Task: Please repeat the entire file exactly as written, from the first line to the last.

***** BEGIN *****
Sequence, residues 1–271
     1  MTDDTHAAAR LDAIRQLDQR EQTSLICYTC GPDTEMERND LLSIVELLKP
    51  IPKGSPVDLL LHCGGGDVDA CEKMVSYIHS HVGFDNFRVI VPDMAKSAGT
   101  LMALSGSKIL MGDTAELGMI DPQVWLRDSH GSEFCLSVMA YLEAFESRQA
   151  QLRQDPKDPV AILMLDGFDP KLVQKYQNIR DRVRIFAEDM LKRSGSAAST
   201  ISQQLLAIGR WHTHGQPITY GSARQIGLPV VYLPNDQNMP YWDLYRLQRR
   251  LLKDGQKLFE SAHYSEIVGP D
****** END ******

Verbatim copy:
Sequence, residues 1–271
     1  MTDDTHAAAR LDAIRQLDQR EQTSLICYTC GPDTEMERND LLSIVELLKP
    51  IPKGSPVDLL LHCGGGDVDA CEKMVSYIHS HVGFDNFRVI VPDMAKSAGT
   101  LMALSGSKIL MGDTAELGMI DPQVWLRDSH GSEFCLSVMA YLEAFESRQA
   151  QLRQDPKDPV AILMLDGFDP KLVQKYQNIR DRVRIFAEDM LKRSGSAAST
   201  ISQQLLAIGR WHTHGQPITY GSARQIGLPV VYLPNDQNMP YWDLYRLQRR
   251  LLKDGQKLFE SAHYSEIVGP D